In the twentieth century, the journal of my Irish ancestor, Detective Robert Shorts, was found during an Estate sale. He immigrated from Ireland in the early 1850’s as a teenager and spent the later part of his life as Detroit’s Detective and, later, Police Chief. The following are his words. October 24, 1872, Detroit. It was a dark time. The city had been safe since the 1830’s, so safe that women could walk about without their husbands or go to work without an escort. Now. Well, now things were dark. I found myself standing alongside the latest victim, pretty, well-dressed, not a prostitute.
A lady of means, murdered in broad daylight. I wondered what the world was coming to. Back in Ireland, this never would have happened to her. Things were different there. The main difference being that in Ireland, you knew where the bad neighborhoods were, and unless you were there for reasons unmentionable, you avoided them like the plague—for that’s what it would get you, and that would be the best of things. Things had changed so much if you didn’t know the new buildings in town you could get easily lost and wind up in a bad spot.
Which is probably what happened to the lady, I considered. I saw nothing that would have placed her in this dark alley that used to be a small, slightly urban park. My hand rested on my pistol as the city’s finest surrounded me to take pictures of the scene and lay the tape that would seal this woman’s fate in history as one of the first victims of organized crime. December 26, 1880, Detroit. I was named Police Chief today, called in to work to have the torch handed down to me as the last Police Chief had been murdered by vindictive members of the mob.
As of yet, we have apprehended no one in the cursed plague of murders that have been a result of their organized crime since I began as Detective on the force in the early 1870’s. As the holiday passed me without celebration, I began to wonder why I ever came to this country. I came alone, without parents to support me, and with only my wits to get me to this country of freedom and inspiration. America. Land of the free, brave, and dangerous. I don’t know what most immigrants were thinking or where we got such ideas.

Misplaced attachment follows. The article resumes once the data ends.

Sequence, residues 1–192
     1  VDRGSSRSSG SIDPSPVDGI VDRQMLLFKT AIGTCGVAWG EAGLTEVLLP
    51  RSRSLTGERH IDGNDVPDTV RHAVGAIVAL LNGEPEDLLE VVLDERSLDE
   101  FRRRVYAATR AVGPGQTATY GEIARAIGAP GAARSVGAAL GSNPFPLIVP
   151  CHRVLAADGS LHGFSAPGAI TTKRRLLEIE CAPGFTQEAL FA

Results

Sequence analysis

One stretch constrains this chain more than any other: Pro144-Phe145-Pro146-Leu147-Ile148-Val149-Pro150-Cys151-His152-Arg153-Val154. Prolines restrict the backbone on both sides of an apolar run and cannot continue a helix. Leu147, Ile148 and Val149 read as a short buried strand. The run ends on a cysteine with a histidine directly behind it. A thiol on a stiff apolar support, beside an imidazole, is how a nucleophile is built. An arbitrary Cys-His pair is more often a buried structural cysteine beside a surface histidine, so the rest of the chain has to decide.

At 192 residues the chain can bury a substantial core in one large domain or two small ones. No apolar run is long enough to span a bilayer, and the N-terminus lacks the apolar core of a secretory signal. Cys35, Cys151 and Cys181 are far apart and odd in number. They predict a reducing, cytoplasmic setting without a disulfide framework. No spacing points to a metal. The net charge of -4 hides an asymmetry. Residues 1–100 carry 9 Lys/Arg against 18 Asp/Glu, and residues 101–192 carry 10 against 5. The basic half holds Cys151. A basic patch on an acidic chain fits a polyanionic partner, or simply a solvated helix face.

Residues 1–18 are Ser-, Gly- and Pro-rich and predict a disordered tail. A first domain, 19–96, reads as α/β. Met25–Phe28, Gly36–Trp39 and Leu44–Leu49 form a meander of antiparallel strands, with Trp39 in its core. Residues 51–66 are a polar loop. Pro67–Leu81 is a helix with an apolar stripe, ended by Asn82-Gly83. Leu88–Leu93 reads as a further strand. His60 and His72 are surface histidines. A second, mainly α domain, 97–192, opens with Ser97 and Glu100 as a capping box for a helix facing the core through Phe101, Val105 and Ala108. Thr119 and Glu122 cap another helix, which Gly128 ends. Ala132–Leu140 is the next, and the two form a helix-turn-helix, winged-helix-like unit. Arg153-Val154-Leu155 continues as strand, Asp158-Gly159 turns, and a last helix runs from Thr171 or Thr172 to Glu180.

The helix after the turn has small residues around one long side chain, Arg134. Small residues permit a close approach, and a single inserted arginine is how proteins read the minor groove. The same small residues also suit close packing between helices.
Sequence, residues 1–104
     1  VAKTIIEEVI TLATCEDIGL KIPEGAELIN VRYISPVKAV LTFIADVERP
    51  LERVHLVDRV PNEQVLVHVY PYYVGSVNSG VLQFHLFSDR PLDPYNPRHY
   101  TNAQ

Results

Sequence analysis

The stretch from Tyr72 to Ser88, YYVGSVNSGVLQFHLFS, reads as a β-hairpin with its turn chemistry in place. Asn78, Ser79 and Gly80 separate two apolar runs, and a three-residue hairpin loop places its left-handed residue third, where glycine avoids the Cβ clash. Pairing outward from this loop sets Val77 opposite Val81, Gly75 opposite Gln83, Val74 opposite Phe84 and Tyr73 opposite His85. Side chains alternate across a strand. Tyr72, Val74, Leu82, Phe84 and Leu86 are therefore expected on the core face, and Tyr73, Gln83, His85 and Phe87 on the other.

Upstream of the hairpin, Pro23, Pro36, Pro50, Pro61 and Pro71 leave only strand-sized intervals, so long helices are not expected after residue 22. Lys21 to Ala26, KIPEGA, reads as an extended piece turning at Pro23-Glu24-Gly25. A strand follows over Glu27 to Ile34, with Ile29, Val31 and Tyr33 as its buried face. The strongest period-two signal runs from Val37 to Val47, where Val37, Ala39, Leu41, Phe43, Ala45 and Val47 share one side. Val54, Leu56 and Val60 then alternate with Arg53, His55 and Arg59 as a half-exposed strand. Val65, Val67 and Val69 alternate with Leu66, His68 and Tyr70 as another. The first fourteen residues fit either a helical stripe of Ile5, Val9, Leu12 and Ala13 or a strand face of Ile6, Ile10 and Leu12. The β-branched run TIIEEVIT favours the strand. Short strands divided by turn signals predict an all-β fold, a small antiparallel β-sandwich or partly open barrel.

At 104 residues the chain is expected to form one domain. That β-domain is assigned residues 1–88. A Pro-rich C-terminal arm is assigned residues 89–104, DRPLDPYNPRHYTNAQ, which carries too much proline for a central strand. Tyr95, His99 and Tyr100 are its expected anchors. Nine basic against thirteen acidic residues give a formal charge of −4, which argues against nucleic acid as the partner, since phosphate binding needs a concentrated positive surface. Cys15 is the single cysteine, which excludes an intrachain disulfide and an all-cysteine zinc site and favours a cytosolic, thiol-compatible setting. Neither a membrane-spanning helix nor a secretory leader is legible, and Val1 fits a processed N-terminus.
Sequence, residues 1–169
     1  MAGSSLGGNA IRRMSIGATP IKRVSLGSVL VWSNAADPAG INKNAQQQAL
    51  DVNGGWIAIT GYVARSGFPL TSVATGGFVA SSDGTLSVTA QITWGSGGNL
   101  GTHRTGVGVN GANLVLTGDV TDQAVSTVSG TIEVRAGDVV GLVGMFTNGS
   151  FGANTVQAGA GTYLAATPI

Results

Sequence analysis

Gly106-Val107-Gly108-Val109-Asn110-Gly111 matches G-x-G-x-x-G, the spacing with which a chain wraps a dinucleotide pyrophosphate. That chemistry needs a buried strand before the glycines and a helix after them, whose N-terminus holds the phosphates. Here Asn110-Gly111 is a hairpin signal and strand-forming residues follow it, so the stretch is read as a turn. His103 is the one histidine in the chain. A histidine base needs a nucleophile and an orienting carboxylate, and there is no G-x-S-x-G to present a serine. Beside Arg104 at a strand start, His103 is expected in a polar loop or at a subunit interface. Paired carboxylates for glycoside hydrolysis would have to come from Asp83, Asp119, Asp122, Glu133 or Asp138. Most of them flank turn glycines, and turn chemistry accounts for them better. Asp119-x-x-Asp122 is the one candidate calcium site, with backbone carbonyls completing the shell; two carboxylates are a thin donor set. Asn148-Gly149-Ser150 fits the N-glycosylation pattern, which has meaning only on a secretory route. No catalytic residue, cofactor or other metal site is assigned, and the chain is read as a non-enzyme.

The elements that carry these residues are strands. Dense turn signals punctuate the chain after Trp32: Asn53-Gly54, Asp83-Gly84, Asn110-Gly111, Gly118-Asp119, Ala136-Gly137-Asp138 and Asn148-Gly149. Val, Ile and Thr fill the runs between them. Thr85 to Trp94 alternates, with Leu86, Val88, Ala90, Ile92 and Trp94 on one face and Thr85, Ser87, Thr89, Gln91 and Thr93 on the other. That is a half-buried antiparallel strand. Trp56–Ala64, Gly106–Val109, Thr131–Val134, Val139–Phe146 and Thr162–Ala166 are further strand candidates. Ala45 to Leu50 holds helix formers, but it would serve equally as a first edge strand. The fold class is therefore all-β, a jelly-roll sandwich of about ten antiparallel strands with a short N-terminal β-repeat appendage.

But, in trading crime for commerce, it is true that I make more in wages in one month today than I ever made in more than two years of factory work back in Ireland. Yet, in looking out my window, I considered what there was to feel inspired about when more than six slaughterhouses surrounded the precinct. I had to endure the rancid smell of rotting meat day in and day out while I worked my cases. The mayor has promised change in the area of expansion, and a business district, which would place the markets and businesses on a different block, but that ideal seems a long way off.
The papers said today that the city has seen extensive growth, moving the population from two thousand to more than one hundred sixteen thousand in the past fifty years (Schneider, 3). That’s more than one hundred thousand people who have moved within the city lines in the past fifty years. It’s no wonder the city is floundering in crime and un-planned expansion. From what I’ve seen, this dramatic increase has done more for the volume of crime and murder than it has for the success or development of the city, but there is hope of a revitalization from the industrial revolution sweeping the nation, even reaching a dark place like Detroit.